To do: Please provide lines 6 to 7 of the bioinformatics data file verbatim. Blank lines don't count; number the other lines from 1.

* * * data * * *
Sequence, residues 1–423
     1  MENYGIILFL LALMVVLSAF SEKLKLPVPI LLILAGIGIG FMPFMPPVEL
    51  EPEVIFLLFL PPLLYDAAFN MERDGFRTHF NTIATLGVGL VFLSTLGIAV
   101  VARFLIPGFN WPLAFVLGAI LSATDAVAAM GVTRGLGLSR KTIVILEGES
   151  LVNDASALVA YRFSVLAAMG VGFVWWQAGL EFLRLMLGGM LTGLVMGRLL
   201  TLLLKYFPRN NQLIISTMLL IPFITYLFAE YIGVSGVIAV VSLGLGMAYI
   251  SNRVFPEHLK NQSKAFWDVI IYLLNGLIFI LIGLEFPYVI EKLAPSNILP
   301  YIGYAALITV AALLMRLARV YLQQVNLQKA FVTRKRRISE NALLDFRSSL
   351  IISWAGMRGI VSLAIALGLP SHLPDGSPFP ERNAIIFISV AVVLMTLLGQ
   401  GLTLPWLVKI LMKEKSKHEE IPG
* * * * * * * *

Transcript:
   201  TLLLKYFPRN NQLIISTMLL IPFITYLFAE YIGVSGVIAV VSLGLGMAYI
   251  SNRVFPEHLK NQSKAFWDVI IYLLNGLIFI LIGLEFPYVI EKLAPSNILP